Amid all of the sugary sweetness of the Christmas season, the Orthodox Faith hits you in the face with a pie of sadness. Where do we place the terror and madness of the slaughter of male babies of Bethlehem in our Christmas shopping, decorations, and parties? Though this story is read as a part of the Nativity story, there is still a basic disconnect in many minds with this morbid detail.Christmas is about love, peace on earth, shepherds, wise men, and goodwill towards men and women. These themes overshadow any tragedy. Add good old Santa Claus to the mix and the story disappears altogether.
The problem may rest in the fact that the beginning of the story is separated from its end.Nativity is separated from the crucifixion. The Orthodox Church never loses sight of this fact. Our theology says that the reason why Christ is born is to trample down death by his own death. The Incarnation, Nativity, occurs to destroy the power of death. So, it isn’t any surprise to us that at the very beginning, death tries its best to snuff out its most powerful enemy, the Son of God. Death raises up King Herod, and in his madness and lust for power, he sends out his soldiers to kill the Innocents. It isn’t 4 or 5 babies that he has killed, but 14,000. Such is the power and madness of death.
Yet, death cannot reach the Infant Jesus. Life says a defiant “no” to death. Joseph, though an old man, is warned in a dream and flees with his family to Egypt. You can’t help but notice the parallels and symbolism between this story and the Old Testament. Pharaoh threatened to kill the innocents of Israel, but instead the children of Egypt die. Israel leaves Egypt and makes it to the Promised Land. Now Herod the King threatens the children of Bethlehem, and the new Israel flees to Egypt. To the Jews, the two places that embodied evil were Babylon and Egypt. Now the Christ child had been embraced by Babylon in the Magi, and he goes to Egypt to sanctify it. God is wondrous in his ways.
The first martyrs for Christ were the infant boys of Bethlehem and the surrounding areas. Yet, in another amazing parallel, the child who flees to Egypt to escape Herod will one day stand before another Herod, and by his martyrdom, he will bring life to the world and to all those who follow him, especially to all the holy innocents of history. Over the last 2,000 years, there have been many innocents of many age levels who have died unjustly. He gives life to all of them, beginning with the Holy Innocents of Bethlehem. Even to this very day, he takes the holy innocent children to himself.
There is another parallel – Mad Herod sends out his soldiers and tries to kill me. Death seeks to claim me. Mad Herod tries to kill the innocents in me. He can be Satan or sometimes the world, but most often Mad Herod is just me. St. Paul called the Mad Herod in me “the flesh”, or my “carnal mind”, or “the old man.” Once, when the Christ Child was first born in me, I thought I heard the Angles sing when I entered the waters of Baptism. Purity and life was given to me as a free gift. Then Mad Herod rose up to slay me. He sought to kill my mind with entertainments and my soul with carnal pleasures, passions and sins. He sought to kill my prayer life with a spirit of boredom. Seeking excitement and diversion, my bible became a doorstop and my prayer book a glass coaster. Mad Herod even sought to make my Church and its liturgies seem more like a chore, so I placed it on my list as one among my other “interests.”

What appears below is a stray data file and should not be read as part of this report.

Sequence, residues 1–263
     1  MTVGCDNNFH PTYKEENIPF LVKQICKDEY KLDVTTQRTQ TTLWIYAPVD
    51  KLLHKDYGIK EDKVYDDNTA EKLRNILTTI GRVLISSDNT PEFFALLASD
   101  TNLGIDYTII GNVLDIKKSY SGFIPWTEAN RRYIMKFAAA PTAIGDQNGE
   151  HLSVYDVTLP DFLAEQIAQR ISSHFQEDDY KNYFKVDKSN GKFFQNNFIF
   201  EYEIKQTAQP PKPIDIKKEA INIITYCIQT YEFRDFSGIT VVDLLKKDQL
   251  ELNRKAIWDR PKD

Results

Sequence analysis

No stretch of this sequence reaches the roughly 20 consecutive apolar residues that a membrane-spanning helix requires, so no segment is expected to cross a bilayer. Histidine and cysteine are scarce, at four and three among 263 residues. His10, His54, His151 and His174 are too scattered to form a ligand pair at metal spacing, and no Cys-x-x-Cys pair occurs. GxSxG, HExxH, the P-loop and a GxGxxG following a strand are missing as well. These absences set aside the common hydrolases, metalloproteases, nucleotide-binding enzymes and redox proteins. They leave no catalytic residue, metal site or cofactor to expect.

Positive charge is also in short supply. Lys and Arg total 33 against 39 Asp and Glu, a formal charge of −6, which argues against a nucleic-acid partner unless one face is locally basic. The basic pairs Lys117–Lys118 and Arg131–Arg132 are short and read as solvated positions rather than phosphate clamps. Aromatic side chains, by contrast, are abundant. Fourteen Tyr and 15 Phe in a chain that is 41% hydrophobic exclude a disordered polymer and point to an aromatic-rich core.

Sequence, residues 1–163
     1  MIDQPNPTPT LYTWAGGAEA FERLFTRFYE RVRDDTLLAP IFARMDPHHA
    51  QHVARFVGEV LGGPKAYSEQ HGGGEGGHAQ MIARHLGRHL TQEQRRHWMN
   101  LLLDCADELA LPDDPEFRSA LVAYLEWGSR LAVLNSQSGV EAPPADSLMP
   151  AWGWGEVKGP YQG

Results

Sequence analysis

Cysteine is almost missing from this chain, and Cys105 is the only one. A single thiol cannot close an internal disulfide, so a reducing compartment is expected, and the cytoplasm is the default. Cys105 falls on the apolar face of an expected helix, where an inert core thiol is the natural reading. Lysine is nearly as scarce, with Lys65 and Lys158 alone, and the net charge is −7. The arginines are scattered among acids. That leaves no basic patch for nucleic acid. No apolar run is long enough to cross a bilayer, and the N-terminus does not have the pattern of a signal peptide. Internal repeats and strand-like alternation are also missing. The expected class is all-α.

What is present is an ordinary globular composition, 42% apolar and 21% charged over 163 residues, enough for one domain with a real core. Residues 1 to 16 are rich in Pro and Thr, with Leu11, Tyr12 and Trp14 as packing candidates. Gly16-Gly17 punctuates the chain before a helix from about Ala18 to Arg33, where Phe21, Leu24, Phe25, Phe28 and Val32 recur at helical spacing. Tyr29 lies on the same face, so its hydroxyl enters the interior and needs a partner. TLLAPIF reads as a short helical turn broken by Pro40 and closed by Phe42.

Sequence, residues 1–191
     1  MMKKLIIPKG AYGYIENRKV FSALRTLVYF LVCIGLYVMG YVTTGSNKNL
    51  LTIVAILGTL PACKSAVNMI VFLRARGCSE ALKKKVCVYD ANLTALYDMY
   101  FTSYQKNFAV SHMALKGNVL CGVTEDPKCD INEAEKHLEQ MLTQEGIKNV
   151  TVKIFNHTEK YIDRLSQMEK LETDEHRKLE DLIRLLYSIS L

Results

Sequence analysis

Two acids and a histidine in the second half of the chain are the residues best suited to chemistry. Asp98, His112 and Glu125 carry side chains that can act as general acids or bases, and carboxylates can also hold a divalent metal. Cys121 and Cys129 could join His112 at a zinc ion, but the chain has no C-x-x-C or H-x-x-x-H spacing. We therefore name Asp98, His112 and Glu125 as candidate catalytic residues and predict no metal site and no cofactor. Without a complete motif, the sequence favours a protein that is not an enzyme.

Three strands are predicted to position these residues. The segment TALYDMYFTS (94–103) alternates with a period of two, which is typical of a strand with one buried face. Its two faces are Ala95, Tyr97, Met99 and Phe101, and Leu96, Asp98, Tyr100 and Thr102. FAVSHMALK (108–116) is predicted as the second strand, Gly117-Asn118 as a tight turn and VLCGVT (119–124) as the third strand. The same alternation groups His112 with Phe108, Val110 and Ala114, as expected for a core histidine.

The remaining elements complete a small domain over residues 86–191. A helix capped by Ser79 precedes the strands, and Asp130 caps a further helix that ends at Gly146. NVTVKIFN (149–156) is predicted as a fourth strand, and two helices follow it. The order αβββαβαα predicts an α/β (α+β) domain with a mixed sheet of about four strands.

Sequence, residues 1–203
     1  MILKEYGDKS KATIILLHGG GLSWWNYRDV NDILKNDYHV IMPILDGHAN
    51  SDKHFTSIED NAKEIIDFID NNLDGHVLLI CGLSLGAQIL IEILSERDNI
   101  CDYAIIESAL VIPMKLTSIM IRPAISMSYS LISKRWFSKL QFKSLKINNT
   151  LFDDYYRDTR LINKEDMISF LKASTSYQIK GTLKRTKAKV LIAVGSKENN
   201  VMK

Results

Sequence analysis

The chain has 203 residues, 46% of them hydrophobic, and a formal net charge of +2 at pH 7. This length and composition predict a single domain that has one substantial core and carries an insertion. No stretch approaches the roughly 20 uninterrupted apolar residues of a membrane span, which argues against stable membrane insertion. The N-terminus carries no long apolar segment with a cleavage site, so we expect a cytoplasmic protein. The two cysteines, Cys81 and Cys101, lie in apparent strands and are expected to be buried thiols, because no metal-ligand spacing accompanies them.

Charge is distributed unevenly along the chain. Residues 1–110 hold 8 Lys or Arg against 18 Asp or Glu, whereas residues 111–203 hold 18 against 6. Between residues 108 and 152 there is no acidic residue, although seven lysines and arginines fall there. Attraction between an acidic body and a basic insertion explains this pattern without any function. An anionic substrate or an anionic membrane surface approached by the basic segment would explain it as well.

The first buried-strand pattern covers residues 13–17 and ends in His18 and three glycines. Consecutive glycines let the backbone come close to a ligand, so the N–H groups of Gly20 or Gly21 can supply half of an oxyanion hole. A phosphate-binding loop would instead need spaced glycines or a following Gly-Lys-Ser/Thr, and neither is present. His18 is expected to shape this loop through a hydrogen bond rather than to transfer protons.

Why do I give Mad Herod the authority? The answer is simple: no one will rule in my heart but me. It feels good sitting on the throne of my heart and I am loath to give it up. I have heard that this Child will become King, and I know that a King demands everything. Look, I can give a little reverence or worship, I can give a little of my wealth, but I will not give everything. No, the Child must reside on the periphery of my life, or the Child must die!
The good news is (but its bad news for Mad Herod) that the Child will not die, not matter what I do. He was born in me with a promise and with tidings of great joy that he would be my savior.Try as I might, He will not die. He may flee for a while, even to Egypt where I cannot find him, but he will return and when he does, he will be stronger. He will keep his promise to me which he made to me at my baptism. He will be King of Kings and He is a jealous king who will have no rivals. I remember an old T-shirt that had this written on the front: “At the name of Jesus, every knee shall bow..” Then on the back it read, “Count on it.” Word!
I should remember that Herod died a horrible death, eaten by worms. Someday, this fleshly body and my fleshly mind will also be food for worms. I would imagine that the first horror that King Herod faced as he left this world was the faces of the 14000 Holy Innocents. Not only would he realize the horror of his sin, he would also see that they were with the Child that he could not kill. Foolish Death. Where is your sting?
The Child will be King, not me. It’s inevitable. Death cannot kill life. So, if I had any sense, I would seek to kill the Mad Herod and let the innocents in me live. Or I can be worm food. Christ is born! Glorify Him! It’s a no-brainer, really!
Source: Father of the Blue Mountains